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When is a “Debt” not a “Debt?”

Michael Rapp Sept. 17, 2012

An Attorney walks into my office and asks, “I have a client that is being harassed about some money they allegedly owe. Is that covered by the FDCPA?” My answer is “That depends.”The Fair Debt Collection Practices Act, like so many statutes, defines its own terms. “Debt” is defined to mean:

“any obligation or alleged obligation of a consumer to pay money arising out of a transaction in which the money, property, insurance, or services which are the subject of the transaction are primarily for personal, family or household purposes, whether or not such obligation has been reduced to judgment.” 15 U.S.C. Section 1692a(5).

Collection agencies can attempt to collect on obligations or accounts which may not fall into the category of “debts” according to that definition.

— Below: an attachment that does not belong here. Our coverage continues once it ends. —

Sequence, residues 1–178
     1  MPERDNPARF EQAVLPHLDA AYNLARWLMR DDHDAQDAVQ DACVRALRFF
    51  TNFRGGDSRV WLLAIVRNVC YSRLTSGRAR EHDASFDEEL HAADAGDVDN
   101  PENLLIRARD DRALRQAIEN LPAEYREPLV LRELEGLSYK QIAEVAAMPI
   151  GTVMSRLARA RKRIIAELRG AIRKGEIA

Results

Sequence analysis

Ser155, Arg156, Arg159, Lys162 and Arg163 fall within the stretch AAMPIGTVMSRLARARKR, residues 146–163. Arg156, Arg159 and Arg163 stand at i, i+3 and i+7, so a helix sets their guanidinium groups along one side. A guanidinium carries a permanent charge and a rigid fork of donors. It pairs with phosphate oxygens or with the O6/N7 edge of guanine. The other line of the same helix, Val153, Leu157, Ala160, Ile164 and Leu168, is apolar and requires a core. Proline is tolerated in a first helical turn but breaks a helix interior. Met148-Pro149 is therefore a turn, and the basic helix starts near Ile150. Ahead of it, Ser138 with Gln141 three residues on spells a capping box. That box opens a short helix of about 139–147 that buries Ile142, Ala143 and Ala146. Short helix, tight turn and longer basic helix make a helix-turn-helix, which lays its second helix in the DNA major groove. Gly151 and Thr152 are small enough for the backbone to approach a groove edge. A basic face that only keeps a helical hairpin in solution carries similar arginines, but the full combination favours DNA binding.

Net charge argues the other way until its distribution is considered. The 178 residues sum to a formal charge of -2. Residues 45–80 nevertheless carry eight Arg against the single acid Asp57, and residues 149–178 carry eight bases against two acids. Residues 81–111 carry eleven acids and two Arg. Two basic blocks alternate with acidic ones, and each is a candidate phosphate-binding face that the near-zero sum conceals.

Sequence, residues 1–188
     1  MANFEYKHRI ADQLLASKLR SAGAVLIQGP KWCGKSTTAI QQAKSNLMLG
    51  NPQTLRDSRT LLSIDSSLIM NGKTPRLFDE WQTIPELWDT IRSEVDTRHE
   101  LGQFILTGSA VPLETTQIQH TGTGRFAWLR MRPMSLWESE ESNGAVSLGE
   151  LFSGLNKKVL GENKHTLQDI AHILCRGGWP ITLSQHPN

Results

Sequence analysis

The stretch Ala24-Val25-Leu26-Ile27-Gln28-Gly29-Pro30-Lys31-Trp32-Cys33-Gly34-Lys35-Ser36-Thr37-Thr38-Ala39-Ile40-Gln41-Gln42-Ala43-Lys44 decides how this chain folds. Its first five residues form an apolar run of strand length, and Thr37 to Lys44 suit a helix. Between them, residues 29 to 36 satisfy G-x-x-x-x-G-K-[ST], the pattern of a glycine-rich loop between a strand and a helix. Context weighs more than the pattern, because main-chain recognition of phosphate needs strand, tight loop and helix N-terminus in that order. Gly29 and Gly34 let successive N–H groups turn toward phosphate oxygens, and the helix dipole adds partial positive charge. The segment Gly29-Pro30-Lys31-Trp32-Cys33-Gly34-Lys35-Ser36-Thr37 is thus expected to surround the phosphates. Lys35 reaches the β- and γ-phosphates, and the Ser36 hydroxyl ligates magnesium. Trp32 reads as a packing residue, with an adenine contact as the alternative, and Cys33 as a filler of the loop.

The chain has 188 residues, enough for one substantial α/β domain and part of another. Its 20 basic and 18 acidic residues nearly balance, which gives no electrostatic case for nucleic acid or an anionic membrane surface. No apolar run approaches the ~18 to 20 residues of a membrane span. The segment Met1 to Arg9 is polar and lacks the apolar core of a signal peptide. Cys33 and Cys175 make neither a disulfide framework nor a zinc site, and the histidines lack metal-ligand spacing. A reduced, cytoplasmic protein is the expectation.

Here are some examples where the courts have typically agreed are NOT debts:Tort claims are not “debts” because they do not arise from a “transaction.”

Child support payments are not “debts” either because the obligation to pay does not arise from a “transaction.”

Marital settlement agreement or Divorce agreement are also not considered a “debt.”

A court’s contempt citation is not a “debt.”

Taxes are not “debts.” It doesn’t matter if it is income taxes, taxes on property and motor vehicles, a bill from the tax man is generally not a “debt.”

Money owed for alleged shoplifting or for criminal restitution is also generally not a “debt” either.

However, just because something may not be a debt, doesn’t mean that no help exists. Kanas and Missouri consumers should contact the Consumer Legal Clinic, LLC if they are unsure whether an alleged account or obligation is covered by the FDCPA.